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Dismissal harsh for a breach of a zero-tolerance mobile phone use policy

Submitted on Wednesday, 9th May 2018

The Fair Work Commission (the “Commission”) has made a ruling an employee of 16 years was unfairly dismissed for using his mobile phone during his shift.

The long-term employee commenced work at 6am on 16 August 2017. At around 8 or 9 am, his supervisor told him there was not enough work in the area and asked him to go and make boxes outside. While the employee was making boxes he noticed his wife, who at the time was caring for her mother with dementia, was calling his mobile phone. The employee was concerned so walked into a freezer room used as a storage area for empty boxes and called his wife. The conversation lasted for around three minutes. After the call a colleague walked in and questioned the employee.

The employee was aware mobile phones are not permitted in the work production area. However, the employee did not consider the storage room to be part of that area. The next morning, approximately two hours after the employee’s shift had started he was called into a meeting with the Human Resources (HR) Manager and the Operations Manager. The employee was summarily dismissed. The employer considered the use of the mobile phone was serious misconduct and a serious breach of company policy and guidelines.

The employer submitted the workplace policies and employee handbook, confirming mobile phones must not be used in production areas. The employer also submitted all employees were advised of this at induction and reminded in a tool box meeting on 9 August 2017, approximately a week before the employee was dismissed.

The employee submitted the HR Manager stated he wanted to make an example out of him. The employee denied attending a tool box meeting on the mobile phones policy on 9 August 2017 and submitted he did not receive an employee handbook when he commenced employment in 2001. The employee knew it was against the rules to use his mobile phone in a ‘production area’. The employee admitted using his phone but maintained where he took the call was not a ‘production area’. The employee also argued he was not aware he could be dismissed without notice for using his phone.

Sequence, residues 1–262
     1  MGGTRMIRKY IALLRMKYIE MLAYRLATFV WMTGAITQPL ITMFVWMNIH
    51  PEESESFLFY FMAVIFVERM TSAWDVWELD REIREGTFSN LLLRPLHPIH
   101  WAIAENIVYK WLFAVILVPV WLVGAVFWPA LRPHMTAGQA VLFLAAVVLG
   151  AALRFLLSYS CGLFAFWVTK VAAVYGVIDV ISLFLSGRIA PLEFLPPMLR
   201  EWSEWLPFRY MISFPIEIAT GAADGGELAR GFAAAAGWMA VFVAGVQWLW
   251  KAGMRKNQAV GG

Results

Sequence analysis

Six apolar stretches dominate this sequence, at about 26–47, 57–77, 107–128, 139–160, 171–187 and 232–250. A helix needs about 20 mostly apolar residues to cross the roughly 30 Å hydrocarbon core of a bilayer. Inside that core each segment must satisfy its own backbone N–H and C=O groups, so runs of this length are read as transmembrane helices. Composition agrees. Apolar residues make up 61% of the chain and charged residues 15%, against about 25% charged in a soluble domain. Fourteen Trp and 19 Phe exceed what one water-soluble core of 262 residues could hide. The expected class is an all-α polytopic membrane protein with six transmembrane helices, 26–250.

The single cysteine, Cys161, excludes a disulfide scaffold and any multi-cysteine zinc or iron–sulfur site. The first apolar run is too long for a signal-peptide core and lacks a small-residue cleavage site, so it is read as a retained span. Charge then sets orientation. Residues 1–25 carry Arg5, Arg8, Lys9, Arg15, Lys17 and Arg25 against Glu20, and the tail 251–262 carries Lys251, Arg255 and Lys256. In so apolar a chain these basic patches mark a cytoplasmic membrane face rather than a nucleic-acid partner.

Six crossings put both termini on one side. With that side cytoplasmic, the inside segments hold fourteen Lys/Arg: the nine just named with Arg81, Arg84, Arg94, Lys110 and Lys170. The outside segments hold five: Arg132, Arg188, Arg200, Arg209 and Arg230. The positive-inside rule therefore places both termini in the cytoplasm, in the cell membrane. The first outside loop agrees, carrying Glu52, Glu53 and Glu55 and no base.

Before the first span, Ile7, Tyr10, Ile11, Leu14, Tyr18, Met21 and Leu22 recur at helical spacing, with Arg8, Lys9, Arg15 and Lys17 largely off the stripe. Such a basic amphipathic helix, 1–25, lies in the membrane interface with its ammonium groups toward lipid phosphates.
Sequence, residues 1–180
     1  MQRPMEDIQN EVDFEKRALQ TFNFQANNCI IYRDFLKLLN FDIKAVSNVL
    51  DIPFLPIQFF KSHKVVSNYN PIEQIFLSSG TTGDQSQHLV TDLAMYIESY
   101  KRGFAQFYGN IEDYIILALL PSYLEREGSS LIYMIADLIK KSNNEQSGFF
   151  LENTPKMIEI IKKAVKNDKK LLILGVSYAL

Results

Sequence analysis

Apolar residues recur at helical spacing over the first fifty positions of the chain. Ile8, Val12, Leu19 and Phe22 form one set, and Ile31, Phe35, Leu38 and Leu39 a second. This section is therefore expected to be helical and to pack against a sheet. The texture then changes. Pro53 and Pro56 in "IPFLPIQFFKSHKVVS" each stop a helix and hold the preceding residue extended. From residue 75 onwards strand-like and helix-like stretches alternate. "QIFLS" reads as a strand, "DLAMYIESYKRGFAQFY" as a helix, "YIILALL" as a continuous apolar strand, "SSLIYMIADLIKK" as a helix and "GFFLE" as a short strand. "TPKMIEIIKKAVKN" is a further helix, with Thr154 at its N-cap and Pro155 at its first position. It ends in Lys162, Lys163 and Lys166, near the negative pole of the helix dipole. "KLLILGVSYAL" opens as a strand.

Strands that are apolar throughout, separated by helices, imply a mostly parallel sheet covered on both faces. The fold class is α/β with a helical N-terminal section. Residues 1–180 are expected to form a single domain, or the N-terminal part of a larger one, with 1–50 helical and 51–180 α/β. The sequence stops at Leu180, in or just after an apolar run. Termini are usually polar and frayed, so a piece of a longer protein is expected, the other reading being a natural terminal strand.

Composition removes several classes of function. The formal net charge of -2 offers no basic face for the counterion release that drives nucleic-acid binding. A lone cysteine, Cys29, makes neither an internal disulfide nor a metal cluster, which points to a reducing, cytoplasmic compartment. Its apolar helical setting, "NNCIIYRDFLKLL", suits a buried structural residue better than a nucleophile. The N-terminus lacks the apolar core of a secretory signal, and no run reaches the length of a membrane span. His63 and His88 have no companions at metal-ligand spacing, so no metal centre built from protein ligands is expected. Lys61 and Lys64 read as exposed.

The 2016 version of the employer’s code of practice defined ‘production area’. The definition included storage areas. However, the HR Manager could not confirm the employee had been provided with a copy of this version. There were no records to evidence the employee had received or reviewed the document. Similarly, there was no record of attendance evidencing the employee attended the tool box meeting.

The employer did not have a disciplinary procedure policy. The HR Manager admitted he discussed the policy breach with the company directors and advised he was going to terminate the employee’s employment. The HR Manager subsequently organised a disciplinary process which comprised the Operations Manager giving the employee 5 to 10 minutes notice of a meeting with the HR Manager. The employee was not advised of the purpose of the meeting or that he may have someone present with him. It was during this meeting the employee’s employment was terminated.

The Operations Manager gave evidence that other employees had used their phones in the production areas. Those employees were not disciplined. Instead they were told to simply put their phones in the lockers. The Operations Manager also admitted he himself had regularly used his phone to relay information to supervisors.

The Commission was of the view that the employer had not consistently applied their mobile phone usage policy. The Operations Manager’s evidence in relation to the use of phones indicated a lenient approach had previously been taken. There was no evidence the employee had ever been provided with an up to date version of the handbook.

The Commission was not satisfied there was a “no tolerance approach” to mobile phone use. Even if the employee was present at the tool box meeting a week earlier, the Commission was not satisfied there would be a valid reason to terminate the employee’s employment.

The Commission found the dismissal was harsh as there was not a valid reason for the dismissal. The employee was not given an opportunity to respond as the HR Manager made his intention clear prior to the disciplinary process. The employee was not afforded a reasonable opportunity to request a support person. In a scathing review, the Commission noted the HR Manager had significant practical and academic experience and yet failed to follow a proper process which resulted in a long-standing employee being unfairly dismissed.

The Commission highlighted an important lesson for all employers. An employer cannot simply produce policies and procedures and expect to rely on them to defend a claim. They must be able to produce evidence to demonstrate the employees were made aware of those documents, received training, and had access to the documents. In addition, an employer must be able to demonstrate the policies are followed fairly and consistently. Notably, the Commission confirmed “[t]he onus is on the employer to adequately operationalise their policies and procedures if they seek to rely on them to defend an unfair dismissal application”

Good HR practices help to ensure your business is legally compliant, they attract high-quality staff, increase output and efficiency and creates a strong and positive workplace culture. Attend our New to Human Resources training to increase your knowledge of effective policies, performance management techniques and payroll and record keeping requirements.

Written by Laura Quinlan, Workplace Relations Advice Line Advisor

Fair Work Decision [2018] FWC 2025

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